Treasury Blueprint for GSE Reform Recognizes Rental Housing

This morning, the Treasury Department released its long-awaited blueprint for the GSEs. The report's stated goal is to return to a market dominated by private capital and to wind down the operations of Fannie Mae and Freddie Mac.

Notably, the report states that federal support for the housing market must acknowledge that not all Americans should be homeowners and that any future system must also include support for the rental housing sector. However, the Administration's rental housing plans focus predominately on the targeted affordable housing sector.

As has been widely reported in the media, the report outlines three possible options for dealing with the GSEs without stating a preference for any single option.

The three choices include:
• Completely eliminating Fannie Mae and Freddie Mac;
• Phasing out the government's guarantee of mortgage-backed bonds until it is left as the insurer of the last resort for times of crisis; and
• Continuing to offer a more limited federal guarantee at all times.

Among the ways it would bring back private capital are: raising guarantee fees and capital cushions and forcing the GSEs to reduce their portfolios by no less than 10 percent a year.

In terms of rental housing, the plan does not identify a specific proposal for dealing with the GSEs' multifamily programs. It does state that Fannie Mae and Freddie Mac have developed considerable expertise in profitably financing the middle of the rental market. It notes that "As we wind down Fannie Mae and Freddie Mac, it will be critical to find ways to maintain funding to this segment of the market."

However, it suggests that it will do so by exploring ways to expand FHA's capacity to support multifamily lending and is silent on what would happen to the existing GSE multifamily programs.

The NAA/NMHC press statement in response to the report is available here.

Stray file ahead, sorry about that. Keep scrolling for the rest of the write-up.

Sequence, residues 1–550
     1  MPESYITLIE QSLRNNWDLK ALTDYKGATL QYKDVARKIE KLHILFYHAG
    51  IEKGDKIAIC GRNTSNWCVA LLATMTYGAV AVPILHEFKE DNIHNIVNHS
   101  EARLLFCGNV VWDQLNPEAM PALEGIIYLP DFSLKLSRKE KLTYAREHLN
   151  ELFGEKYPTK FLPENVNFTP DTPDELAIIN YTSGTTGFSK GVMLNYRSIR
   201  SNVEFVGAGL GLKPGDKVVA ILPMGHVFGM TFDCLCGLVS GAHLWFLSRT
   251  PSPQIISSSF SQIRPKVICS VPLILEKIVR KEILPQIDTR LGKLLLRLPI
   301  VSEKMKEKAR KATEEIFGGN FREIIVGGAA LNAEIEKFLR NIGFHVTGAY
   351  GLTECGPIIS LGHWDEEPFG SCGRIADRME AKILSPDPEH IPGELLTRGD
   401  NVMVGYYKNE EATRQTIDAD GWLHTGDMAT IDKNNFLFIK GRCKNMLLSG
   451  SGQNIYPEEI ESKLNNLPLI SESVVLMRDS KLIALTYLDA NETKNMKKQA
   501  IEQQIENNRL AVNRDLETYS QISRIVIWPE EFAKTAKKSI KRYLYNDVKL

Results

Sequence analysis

NAA/NMHC continue to advocate for a federal guarantee for multifamily, noting that the multifamily programs did not contribute to the housing meltdown, continue to operate with default rates under one percent, are generating net revenue (profits) for the government and have been a vital and necessary source of liquidity for the apartment sector that cannot be replaced entirely by private capital. Given the growing demand for rental housing, it would be a mistake to allow the very successful GSE multifamily programs to become a collateral victim of the single-family housing bubble. They also express their concern that an "emergency-only" solution not only fails to address the industry's broad liquidity needs, but is also likely to lack the capacity to adequately ramp up to adequately respond to a real financial crisis.

The Treasury plan and this week's GSE hearing on Capitol Hill (see below) are the opening salvos on what most experts agree will be a very long process toward achieving a final resolution. The divided Congress means that beyond numerous hearings, final reform legislation is unlikely until after the 2012 elections. Any transition to a new system is expected to take several years.

House Subcommittee Holds GSE Hearing

On Wednesday, House Republicans kicked off their effort to reform the GSEs with a hearing by the Housing Financial Services Capital Markets and GSE Subcommittee on what immediate steps could be taken to "end the bailout."

NAA/NMHC submitted a statement to the Subcommittee reiterating their call for a federally backed secondary market for the multifamily industry.

They were encouraged that the Subcommittee chair, Rep. Scott Garrett (R-NJ), was quoted this week at a securitization conference as saying "I believe that, if there is to be any government assistance to homeownership, it should be limited to first-time homebuyers or rental housing."

While the hearing focused primarily on the single-family mortgage market, efforts to ensure that multifamily is not forgotten were evident in the comments made by several Subcommittee members reminding other lawmakers to ensure that whatever steps they take don’t have an adverse effect on multifamily lending. Ranking Member Representative Maxine Waters (D-CA) noted that multifamily was one criterion she would use in evaluating any GSE reform proposals.

The full House Financial Services Committee is scheduled to hold another hearing on GSE reform on March 1.

Reprinted from NAA/NMHC AIMS News